For Uber, the last few months have been a time they'd probably like to forget. Between allegations of sexism within its ranks, the #DeleteUber and immigration ban situation and a self-driving car running multiple red lights, Uber can't seem to escape bad press. Now, a leaked video obtained by Bloomberg shows CEO Travis Kalanick vehemently arguing with an Uber driver over how much he pays the fleet.
The driver, Fawzi Kamel, who's been driving for Uber since 2011, tells Kalanick, "I lost $97,000 because of you. I'm bankrupt because of you."
Kalanick fires back, "Some people don't like to take responsibility for their own shit. They blame everything in their life on somebody else."
After the ride, Kamel gave Kalanick a one-star rating, Bloomberg reported.
Before this confrontation, which starts around 5:25, the conversation is more civil. Here's a brief excerpt:
Travis Kalanick: "So, we are reducing the number of black cars over the next six months. You probably saw some of the emails."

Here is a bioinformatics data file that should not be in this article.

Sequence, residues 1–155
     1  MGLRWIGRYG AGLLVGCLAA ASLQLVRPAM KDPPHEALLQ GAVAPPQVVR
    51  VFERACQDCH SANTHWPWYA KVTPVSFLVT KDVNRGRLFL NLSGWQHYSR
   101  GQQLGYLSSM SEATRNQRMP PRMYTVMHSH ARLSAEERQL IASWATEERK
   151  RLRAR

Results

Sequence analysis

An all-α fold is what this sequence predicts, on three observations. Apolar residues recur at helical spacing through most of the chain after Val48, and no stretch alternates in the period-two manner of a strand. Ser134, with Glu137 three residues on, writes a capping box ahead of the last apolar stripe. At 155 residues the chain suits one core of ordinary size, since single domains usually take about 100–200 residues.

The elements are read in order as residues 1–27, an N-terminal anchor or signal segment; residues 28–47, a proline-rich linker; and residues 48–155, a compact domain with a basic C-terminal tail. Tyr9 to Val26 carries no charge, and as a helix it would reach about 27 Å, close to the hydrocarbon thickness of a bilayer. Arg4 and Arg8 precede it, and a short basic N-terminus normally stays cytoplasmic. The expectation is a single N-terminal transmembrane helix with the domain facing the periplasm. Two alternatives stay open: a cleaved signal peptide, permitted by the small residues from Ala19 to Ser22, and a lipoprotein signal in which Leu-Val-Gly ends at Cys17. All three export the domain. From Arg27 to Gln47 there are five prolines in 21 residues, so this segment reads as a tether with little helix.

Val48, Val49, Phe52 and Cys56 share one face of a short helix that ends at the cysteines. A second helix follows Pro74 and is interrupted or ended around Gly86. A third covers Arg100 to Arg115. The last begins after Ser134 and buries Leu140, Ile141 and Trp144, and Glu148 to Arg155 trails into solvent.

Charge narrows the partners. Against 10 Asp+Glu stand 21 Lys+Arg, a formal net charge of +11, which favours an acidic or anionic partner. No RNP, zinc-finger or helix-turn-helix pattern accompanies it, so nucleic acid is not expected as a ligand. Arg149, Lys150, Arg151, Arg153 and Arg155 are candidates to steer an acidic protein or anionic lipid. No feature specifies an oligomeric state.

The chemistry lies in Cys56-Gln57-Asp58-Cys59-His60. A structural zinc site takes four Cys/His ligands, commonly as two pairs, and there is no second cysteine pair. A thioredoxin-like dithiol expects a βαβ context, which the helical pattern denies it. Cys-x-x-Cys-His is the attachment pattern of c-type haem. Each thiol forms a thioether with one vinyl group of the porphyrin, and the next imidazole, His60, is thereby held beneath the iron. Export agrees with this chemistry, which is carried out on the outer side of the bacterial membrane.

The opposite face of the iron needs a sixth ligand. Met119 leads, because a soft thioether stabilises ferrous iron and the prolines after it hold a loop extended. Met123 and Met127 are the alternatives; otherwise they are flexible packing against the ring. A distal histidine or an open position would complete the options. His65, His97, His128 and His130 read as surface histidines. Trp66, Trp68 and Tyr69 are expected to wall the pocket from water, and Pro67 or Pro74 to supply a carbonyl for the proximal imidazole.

Fawzi Kamel: "I saw the email, [it] starts in May. It's all about the rating. But you're raising the standards and you're dropping the prices."
TK: "We're not dropping the price on Black."
FK: "In general, the whole price is —"
TK: "We have to; we have competitors. Otherwise, we'd go out of business."
FK: "Competitors, man? You had the business model in your hands. You could have the prices you want, but you choose to buy everybody a ride."
TK: "No, no, you misunderstand me. We started high-end. We didn't go low-end because we wanted to; we went low-end because we had to, because we'd be out of business."
FK: "For what, Lyft? That's a piece of cake right there."
TK: "No, it seems like a piece of cake because I've beaten them. But if I didn't do the things I did, we would've been beaten, I promise."
There are a few other memorable moments as well. Watch out for Kalanick's intense manspreading — he sits in the middle seat with two female companions on his right and left — and his dance moves to The Weeknd's "I Feel It Coming" at 2:45.
Mostly, it's a jaw-dropping example of an employee finally getting a chance to speak his mind to the CEO and never backing down. "People are not trusting you anymore," Kamel tells Kalanick. After Kalanick slams the door and says "good luck," Kamel repeats it back — but adds, "but I know you're [not going] to go far."